Every now and then I get an email from a reader asking about the physical accessibility of a certain restaurant. I must admit, physical accessibility is not something I think about often when reviewing places. But in the case of Parco Style Cafe, the subterranean Printers Alley restaurant featured in this week's dining review, I had to wonder how in the world you would get into the place if you couldn't maneuver the front stairs, or didn't have the agility of an eel to navigate the circuitous route through the kitchen from the Third Avenue entrance.
Fortunately, there is a group dedicated to studying the accessibility of local businesses and building awareness of the challenges to people in wheelchairs. Guided by a coalition of volunteers with disabilities and representatives from the fields of business, aging and disability, Access Nashville conducts reviews of various establishments and rates them on a scale of Wow Access, Good Access and Limited Access.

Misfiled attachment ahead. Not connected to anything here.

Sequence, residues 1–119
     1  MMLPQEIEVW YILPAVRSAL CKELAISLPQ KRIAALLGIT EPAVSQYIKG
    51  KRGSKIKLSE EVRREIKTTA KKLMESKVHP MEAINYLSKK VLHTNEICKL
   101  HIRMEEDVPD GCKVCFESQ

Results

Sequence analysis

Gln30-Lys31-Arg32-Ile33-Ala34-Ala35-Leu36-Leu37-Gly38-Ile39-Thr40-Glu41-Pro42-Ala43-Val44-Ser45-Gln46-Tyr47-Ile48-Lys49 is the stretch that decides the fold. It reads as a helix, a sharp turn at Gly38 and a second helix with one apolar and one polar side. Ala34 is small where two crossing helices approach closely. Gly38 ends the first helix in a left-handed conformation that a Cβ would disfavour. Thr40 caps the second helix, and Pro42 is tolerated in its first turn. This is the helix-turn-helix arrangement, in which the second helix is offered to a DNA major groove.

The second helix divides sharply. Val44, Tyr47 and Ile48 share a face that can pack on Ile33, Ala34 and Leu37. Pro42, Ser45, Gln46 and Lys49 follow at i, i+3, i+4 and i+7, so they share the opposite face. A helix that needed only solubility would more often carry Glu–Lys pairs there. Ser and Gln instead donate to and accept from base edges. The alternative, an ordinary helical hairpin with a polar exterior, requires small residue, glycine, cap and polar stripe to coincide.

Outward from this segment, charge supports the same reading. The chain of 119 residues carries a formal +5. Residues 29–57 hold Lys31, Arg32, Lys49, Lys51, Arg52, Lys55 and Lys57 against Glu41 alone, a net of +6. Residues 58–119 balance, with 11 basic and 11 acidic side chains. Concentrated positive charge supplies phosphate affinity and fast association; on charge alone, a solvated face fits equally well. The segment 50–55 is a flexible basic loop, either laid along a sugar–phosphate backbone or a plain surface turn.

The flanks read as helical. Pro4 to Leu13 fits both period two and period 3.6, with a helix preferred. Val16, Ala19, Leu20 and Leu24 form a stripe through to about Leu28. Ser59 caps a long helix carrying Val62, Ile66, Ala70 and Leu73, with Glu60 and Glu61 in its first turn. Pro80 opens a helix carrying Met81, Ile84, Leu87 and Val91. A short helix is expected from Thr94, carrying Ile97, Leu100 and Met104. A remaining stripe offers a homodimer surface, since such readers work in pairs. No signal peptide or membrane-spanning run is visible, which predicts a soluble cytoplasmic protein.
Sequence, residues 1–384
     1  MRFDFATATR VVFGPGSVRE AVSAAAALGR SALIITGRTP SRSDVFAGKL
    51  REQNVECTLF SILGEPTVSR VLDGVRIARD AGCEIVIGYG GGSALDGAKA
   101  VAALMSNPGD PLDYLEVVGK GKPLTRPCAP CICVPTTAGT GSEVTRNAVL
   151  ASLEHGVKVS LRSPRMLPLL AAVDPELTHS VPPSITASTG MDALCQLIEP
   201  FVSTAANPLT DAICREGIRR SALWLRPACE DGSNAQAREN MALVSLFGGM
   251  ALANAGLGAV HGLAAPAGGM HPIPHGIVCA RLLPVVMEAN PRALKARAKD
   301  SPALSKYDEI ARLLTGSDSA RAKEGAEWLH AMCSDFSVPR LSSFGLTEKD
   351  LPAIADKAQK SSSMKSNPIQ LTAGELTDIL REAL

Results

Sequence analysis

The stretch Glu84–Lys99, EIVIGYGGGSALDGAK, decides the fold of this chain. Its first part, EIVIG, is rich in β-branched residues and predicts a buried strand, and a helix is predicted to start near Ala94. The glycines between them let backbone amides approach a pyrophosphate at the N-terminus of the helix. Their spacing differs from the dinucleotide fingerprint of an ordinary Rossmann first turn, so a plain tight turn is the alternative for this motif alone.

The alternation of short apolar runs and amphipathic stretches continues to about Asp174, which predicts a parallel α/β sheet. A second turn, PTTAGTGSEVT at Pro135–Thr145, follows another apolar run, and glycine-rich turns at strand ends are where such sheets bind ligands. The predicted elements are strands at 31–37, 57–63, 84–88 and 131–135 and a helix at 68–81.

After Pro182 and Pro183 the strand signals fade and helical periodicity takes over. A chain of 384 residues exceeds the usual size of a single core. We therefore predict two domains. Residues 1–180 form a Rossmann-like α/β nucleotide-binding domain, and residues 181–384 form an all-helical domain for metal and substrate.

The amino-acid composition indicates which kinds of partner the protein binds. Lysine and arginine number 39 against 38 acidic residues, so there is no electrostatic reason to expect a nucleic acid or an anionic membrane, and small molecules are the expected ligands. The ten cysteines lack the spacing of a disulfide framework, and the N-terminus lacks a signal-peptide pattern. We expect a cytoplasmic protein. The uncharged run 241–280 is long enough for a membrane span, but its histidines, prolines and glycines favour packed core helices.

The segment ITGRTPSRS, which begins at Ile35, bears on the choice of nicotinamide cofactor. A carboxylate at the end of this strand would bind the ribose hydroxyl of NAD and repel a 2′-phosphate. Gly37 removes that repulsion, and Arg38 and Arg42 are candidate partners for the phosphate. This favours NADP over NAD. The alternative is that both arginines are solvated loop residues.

Access Nashville volunteer Kenton Dickerson works with the Center for Independent Living in Middle Tennessee. He offered to review Parco Style Cafe from the accessibility standpoint. Dickerson declared Parco to have Limited Accessibility for people in wheelchairs, the group's lowest rating. According to his review, the entrance in Printers Alley, down a flight of stairs, is not accessible. He adds, “Although there is a back-door entrance at ground level that a person with a disability can use by punching in a security code (posted on the door), the passage to get from this door to the restaurant dining area is too narrow for a wheelchair to pass through.” Furthermore, he adds, the rest room is not accessible.
Access Nashville provides assessments for approximately 100 local restaurants, and the organization is currently in the process of doubling the number of reviews on its website. Bites will add a permanent link to Access Nashville.
As for how Parco stacks up from a culinary standpoint, you'll have to read the Scene's review.